Tattoo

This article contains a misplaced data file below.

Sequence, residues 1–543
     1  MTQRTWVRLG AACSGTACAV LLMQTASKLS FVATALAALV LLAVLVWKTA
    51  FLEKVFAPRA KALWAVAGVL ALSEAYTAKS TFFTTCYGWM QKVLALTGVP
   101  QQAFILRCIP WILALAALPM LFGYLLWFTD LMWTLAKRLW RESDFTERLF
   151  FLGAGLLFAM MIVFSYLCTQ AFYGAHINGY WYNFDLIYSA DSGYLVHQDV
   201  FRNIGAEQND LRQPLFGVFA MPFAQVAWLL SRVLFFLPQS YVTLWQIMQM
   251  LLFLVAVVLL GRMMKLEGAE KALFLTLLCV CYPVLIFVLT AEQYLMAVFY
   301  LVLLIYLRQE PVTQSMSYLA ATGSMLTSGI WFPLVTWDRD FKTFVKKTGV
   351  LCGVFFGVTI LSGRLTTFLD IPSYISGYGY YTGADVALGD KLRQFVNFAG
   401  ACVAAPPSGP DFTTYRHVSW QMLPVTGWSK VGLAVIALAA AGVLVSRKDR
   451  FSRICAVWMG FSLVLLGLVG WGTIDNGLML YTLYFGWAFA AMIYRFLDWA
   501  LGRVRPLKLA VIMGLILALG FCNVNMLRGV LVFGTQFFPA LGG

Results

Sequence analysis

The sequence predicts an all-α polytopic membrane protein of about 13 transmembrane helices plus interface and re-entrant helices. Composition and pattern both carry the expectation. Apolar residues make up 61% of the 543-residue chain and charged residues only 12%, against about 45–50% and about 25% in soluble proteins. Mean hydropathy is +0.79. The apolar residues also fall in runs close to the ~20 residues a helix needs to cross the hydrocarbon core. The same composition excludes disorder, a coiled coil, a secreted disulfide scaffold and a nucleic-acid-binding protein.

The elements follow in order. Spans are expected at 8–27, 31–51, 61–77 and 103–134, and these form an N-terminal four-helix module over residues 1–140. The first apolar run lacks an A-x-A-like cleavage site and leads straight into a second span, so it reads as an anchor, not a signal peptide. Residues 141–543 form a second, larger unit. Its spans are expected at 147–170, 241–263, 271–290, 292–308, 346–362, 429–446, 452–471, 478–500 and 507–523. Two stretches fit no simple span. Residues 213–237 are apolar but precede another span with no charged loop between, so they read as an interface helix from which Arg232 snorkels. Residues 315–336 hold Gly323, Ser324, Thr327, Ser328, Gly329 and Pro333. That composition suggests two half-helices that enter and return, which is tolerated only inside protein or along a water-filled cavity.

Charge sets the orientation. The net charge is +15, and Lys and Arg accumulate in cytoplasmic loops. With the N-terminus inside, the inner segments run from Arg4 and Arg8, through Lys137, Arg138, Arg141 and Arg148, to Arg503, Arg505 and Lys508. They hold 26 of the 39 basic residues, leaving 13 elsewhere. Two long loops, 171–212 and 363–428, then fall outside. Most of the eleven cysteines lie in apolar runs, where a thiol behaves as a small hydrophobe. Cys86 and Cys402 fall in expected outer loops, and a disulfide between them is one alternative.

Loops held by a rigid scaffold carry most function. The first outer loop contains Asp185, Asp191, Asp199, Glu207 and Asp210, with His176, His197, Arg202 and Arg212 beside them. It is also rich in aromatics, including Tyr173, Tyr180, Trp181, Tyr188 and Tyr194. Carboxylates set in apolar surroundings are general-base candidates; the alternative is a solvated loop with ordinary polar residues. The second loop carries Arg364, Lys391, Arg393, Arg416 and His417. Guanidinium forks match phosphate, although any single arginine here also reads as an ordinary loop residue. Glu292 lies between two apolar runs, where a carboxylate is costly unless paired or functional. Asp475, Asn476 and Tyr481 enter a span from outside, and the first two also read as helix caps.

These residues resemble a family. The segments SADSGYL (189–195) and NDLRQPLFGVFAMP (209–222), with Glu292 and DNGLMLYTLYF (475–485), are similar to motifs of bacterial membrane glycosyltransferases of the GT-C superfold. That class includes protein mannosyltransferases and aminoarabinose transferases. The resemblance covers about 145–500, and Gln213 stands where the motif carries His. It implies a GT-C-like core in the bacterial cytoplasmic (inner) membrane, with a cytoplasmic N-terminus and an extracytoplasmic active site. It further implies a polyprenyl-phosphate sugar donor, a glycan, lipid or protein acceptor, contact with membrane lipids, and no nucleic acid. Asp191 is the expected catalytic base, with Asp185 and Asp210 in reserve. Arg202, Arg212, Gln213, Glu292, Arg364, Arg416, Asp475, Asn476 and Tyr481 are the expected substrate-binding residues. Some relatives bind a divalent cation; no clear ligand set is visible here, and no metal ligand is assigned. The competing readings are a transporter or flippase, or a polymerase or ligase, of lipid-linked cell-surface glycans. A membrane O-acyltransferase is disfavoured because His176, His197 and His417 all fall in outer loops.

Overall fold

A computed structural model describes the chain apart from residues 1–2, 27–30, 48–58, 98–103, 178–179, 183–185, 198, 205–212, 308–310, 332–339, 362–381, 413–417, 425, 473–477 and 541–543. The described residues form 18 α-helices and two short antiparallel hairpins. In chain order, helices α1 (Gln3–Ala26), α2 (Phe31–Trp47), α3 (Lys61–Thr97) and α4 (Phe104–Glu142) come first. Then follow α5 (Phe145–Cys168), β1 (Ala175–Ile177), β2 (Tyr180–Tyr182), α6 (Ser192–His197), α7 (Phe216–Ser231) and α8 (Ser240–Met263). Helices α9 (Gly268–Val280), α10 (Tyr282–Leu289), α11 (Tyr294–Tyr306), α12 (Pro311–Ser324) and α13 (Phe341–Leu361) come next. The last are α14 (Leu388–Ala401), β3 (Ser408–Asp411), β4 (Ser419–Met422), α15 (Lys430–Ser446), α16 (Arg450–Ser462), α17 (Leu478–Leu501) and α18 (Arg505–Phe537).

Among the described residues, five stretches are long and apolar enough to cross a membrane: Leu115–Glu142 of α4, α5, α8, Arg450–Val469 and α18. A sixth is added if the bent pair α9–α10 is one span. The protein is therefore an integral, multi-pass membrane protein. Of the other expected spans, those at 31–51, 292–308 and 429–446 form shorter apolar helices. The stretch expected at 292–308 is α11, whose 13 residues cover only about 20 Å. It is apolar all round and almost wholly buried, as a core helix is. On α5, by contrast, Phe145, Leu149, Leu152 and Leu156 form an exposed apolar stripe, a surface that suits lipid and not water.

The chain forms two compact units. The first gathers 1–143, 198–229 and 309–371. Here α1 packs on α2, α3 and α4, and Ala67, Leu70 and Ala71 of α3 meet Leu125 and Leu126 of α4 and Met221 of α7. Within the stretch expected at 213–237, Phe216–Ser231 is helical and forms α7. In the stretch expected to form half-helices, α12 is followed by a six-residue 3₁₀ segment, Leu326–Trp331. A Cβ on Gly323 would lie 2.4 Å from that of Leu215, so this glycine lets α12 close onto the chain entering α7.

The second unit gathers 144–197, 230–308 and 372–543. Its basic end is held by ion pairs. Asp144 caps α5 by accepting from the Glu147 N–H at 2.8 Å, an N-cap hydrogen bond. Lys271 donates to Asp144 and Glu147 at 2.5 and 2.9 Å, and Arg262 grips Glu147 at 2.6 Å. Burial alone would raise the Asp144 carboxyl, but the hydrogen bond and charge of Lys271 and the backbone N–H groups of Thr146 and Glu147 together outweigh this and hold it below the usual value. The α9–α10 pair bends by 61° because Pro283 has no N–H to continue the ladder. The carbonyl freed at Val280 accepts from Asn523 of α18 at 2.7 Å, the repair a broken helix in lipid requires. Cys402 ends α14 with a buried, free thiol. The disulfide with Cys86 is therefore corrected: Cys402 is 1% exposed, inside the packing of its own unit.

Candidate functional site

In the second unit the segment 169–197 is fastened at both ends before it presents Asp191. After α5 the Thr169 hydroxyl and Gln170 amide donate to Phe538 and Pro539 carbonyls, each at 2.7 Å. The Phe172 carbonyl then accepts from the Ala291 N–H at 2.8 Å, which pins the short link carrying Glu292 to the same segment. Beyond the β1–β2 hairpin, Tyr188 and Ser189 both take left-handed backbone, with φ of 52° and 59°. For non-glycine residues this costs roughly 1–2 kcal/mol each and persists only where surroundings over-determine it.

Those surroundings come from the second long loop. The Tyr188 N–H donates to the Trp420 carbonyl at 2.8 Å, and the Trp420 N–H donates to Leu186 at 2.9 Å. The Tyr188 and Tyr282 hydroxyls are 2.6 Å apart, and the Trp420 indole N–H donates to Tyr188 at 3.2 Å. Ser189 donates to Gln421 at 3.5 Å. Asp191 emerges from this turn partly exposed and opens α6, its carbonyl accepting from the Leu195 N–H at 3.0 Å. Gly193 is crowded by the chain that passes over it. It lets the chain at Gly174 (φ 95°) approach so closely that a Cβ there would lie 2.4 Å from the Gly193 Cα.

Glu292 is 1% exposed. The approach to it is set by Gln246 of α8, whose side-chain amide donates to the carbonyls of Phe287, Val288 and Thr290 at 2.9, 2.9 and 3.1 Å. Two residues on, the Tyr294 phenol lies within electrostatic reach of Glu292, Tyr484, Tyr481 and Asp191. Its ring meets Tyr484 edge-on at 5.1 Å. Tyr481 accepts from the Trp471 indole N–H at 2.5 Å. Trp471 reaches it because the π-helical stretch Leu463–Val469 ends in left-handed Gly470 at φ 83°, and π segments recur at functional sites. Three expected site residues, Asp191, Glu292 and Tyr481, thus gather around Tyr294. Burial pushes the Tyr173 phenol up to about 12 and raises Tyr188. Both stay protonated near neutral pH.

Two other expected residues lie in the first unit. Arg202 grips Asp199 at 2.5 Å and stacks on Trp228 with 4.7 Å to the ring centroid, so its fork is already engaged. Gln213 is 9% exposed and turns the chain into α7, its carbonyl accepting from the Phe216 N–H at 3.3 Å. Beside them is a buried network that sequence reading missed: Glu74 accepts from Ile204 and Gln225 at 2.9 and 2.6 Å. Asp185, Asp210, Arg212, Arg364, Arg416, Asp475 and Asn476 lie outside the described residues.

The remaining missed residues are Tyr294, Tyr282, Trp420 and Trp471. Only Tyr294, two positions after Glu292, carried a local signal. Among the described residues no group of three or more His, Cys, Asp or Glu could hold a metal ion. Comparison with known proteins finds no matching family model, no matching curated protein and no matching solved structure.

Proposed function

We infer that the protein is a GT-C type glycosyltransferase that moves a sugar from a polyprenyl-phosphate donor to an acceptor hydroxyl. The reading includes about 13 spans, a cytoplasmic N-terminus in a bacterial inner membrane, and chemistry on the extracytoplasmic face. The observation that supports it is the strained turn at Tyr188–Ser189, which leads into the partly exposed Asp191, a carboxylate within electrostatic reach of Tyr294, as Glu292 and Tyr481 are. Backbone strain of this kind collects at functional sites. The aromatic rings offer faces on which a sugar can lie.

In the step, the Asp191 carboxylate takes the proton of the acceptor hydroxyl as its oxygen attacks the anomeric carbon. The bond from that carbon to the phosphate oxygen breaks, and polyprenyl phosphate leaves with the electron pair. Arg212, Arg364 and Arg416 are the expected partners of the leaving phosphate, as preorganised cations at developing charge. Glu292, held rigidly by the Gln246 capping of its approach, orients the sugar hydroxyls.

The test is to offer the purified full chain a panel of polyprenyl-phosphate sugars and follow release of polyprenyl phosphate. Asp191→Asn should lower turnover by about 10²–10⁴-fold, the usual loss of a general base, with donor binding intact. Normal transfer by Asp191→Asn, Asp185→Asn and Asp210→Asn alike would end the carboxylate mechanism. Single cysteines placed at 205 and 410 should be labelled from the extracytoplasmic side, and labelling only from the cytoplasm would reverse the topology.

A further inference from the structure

Ah, ‘tis wedding season. And ‘tis sweet to see all the bridesmaids showing off their tattoos on their bare shoulders (and elsewhere). I guess every generation must be granted its rebellious idiosyncrasies. Mine favored long hair, bell bottoms, lava lamps, and paisley. Well, the lava lamps are still with us, but today’s mark of generational identity would have to be tattoos. In my youth, only sailors, bikers, and circus people had tattoos. Today one-third of people age 25-29 have ink. Some self-decorating aficionados have “sleeves,” covering their arms completely. Barbed wire circlets are big. So are Japanese and Chinese characters. I’ve asked once or twice if the wearers spoke the language of their tattoos. Of course not. The mystery is part of the cachet. Tattoos make a statement:  they identify people with youth, show advanced coolness, and advertise what people are passionate about. One of God’s holy angels, bearing the seal of the living God, heralded in a great voice: “Do not harm the land or the sea or the trees until we put a seal on the foreheads of the servants of our God” (Revelation 7:2-3). Okay, so that reference is probably symbolic. Still, I used to balk at the notion that I would have a name on my forehead, like the ornamental scarring on Tuaregs or Fiji Islanders in National Geographic pictorials. The young folks of today are helping me get up to speed. Words on skin are cool now. I am proud to wear the name of Christ. You?